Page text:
Funding of fitness programs for people with disabilities has been greatly reduced in recent years. Lance used to work out at Courage Kenny Rehabilitation Institute three times a week. Cuts have reduced his fitness sessions to one a week and require out-of-pocket payments.

"I know my capabilities," Lance says. "And sometimes the limitations I deal with from the outside are greater than my own."






Zoe: A bright future
All seven-year-old Zoe wants to do is play with her friends - and walk. Cerebral palsy and seizures make walking a challenge for her, but she has been getting the help she needs from the start. When Zoe was just 20 months old, her parents, Stan and Jodi, took her to Courage Kenny Rehabilitation Institute for physical therapy. In time, Zoe was able to walk with a walker.

In 2010, the Greens came back to Courage Kenny Rehabilitation Institute for the Intensive Therapy program. "Our goal was to help Zoe gain enough core strength to stabilize her movements and allow her to walk with a smoother, more stabilized gait," Jodi says.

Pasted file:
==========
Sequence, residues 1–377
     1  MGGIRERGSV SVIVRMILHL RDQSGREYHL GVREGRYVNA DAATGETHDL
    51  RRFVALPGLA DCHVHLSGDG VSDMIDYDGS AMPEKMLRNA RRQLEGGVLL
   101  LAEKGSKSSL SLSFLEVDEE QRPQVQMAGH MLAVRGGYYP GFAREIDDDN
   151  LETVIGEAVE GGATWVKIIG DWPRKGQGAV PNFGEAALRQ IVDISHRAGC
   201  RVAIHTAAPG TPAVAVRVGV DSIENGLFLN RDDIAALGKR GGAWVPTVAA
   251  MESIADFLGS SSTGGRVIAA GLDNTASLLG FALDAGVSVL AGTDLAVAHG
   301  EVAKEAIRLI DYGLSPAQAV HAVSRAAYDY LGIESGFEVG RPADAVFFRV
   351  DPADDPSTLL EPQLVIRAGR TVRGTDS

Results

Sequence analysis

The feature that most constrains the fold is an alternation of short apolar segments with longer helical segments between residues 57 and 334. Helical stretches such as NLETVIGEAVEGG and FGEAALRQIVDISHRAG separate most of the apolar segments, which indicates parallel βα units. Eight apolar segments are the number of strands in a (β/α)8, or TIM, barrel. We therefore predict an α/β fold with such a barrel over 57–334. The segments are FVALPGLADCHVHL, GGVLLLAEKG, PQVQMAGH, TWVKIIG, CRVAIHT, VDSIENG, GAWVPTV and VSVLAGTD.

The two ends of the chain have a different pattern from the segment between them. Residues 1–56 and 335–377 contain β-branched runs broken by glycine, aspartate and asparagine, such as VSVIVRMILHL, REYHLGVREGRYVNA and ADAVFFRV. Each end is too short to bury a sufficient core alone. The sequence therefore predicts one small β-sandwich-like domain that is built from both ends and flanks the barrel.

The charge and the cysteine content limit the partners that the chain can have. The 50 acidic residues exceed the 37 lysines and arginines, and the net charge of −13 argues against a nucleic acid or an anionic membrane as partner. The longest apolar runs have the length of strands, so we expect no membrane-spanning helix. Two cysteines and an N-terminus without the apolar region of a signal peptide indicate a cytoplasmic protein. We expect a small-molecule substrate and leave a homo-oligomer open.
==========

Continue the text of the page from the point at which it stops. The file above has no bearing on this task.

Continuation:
Zoe and her Intensive Therapy team worked three hours each day, five days a week, for three weeks. "Zoe learned to use walking sticks," her mom says proudly. "Now she's starting to practice walking with just one stick."

Improved ambulatory freedom - unassisted walking - is important to this little dynamo, who loves playing house, dolls, and school with her friends and has an active imagination. Thanks to therapy, Zoe's future looks bright. "Therapy has enabled Zoe to gain the strength she needs to participate in activities and lead a full life," Jodi says. "Down the road, I envision Zoe progressing, walking stably with a single walking stick, flourishing in all she does."
Zoe Green